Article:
martes, 27 de octubre de 2009

Randy Crawford: Everything Must Change (1976) / Miss Randy Crawford (1977) ... plus

Randy Crawford's initial notoriety came from her fiery vocal on 'Street Life,' a song matching her with R&B veterans the Crusaders in 1979. Crawford was born in Macon and grew up in Cincinnati; she worked in clubs as a teen, accompanied by her father. Crawford was lead vocalist in a group that included bassist Bootsy Collins before touring as George Benson's opening act in 1972. Cannonball Adderley invited her to sing on his LP Big Man. She recorded 'Don't Get Caught in Love's Triangle,' a song produced by Johnny Bristol, during a short stay on the label. She soon moved to Warner Bros., and after 'Street Life,' recorded and toured Europe with the Crusaders. Crawford was tabbed Most Outstanding Performer at the 1980 Tokyo Music Festival. She remained with Warner Bros. through the '80s and early '90s, but was unable to score either a big R&B hit or major crossover smash, despite having one of the most readily identifiable voices and distinctive approaches of any contemporary female vocalist. Randy Crawford's first solo album Everything Must Change (1976) was produced by Stewart Levine. Like the albums that followed, it's a virtual masterpiece; the studio was crawling with heavyweights, and Crawford always brings out the best in everyone involved. Her version of 'I've Never Been to Me' bests Charlene's original, and even Dennis Edwards' emotional ordeal. The title track represents nearly five minutes of social drama, and she makes 'I'm Easy,' 'I Had to See Him One More Time,' and 'Don't Let Me Down,' so personal you think she's singing about you. Her second release, Miss Randy Crawford (1977), was produced by Bob Montgomery (Bobby Goldsboro, Billy Sherrill) with some tracks having a slight country-ish/Southern soul feel to them. It's a perfect showcase for Crawford's interpretive skill. The singer makes the Don Henley/Glenn Frey song 'Desperado' and the Mack Gordon/Harry Warren standard 'At Last,' her own. The former and her erotically charged take on Paul Kelly's 'Under the Influence of You' received airplay on R&B/soul-formatted FM stations. I added as bonus tracks the aforementioned 'Don't Get Caught in Love's Triangle,' from 1973, 'Street Life', the grooving classic that scored top slots on the Billboard jazz, dance, and black charts in 1979, and her collaboration on Steve Hackett's album Please Don't Touch, from 1978, 'Hoping Love Will Last'. Never a huge star in her homeland, Randy Crawford is, nevertheless, one of the most talented, experienced, and underrated vocalists in the industry. http://www.allmusic.com/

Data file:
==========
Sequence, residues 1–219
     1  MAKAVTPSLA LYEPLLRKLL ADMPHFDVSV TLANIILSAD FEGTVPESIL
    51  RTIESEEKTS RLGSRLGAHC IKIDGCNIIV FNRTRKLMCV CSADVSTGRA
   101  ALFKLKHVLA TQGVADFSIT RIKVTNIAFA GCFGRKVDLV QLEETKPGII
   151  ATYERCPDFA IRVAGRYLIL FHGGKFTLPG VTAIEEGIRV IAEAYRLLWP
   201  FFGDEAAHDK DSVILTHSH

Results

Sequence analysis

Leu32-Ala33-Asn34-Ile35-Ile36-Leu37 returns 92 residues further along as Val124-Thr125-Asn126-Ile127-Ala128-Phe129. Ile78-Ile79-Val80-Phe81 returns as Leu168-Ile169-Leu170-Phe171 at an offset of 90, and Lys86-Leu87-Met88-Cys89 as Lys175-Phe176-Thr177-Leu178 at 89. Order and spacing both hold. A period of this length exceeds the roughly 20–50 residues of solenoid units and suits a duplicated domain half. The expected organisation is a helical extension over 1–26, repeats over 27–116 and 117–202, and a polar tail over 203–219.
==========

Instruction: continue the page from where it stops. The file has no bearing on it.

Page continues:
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Randy Crawford singing one of her biggest hits 'Street Life':
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12 comentarios:

Nosi dijo...

http://rapidshare.com/files/298489773/Randy_Crawford_-_Everything_Must_Change_-_Miss_RC__1976-77__...plus.rar

trakbuv dijo...

Not my favourite LPs by her ('Raw Silk' being her finest for me), but 'under the influence' and 'I'm easy' are both very special. But your inclusion of the Steve Hackett track is awesome - I heard this back in 1979 - incredibly haunting and an especially important personal track for me. Wonderful stuff, Nosi.

richsoul dijo...

Truly an outstanding consistent job of bringing the ladies of soul so that others may hear. Thank you.

e-keane dijo...

I've not heard her debut album before so I'm really looking forward to hearing it.
Thank you, as always, for your generous posts.

Regards,


Eugene

GHoSTFiNGeR dijo...

great share thanx :-)

arne dijo...

Thanks for sharing. Notably the Johnny Bristol production, as I am a fan of his doings.

Dee dijo...

Question...

Do you have Live At The Opera House by The Pointer Sisters?

Nosi dijo...

Sorry, Dee; I don't... :-(

Dee dijo...

It's ok! Thanks for all your effort!

k02 dijo...

Thanks

troods dijo...

I have this cd but couldn't resist the xtras you so generously added. Thank you.

Francesco dijo...

Many thanks!! your blog is truly a treasure house... ;)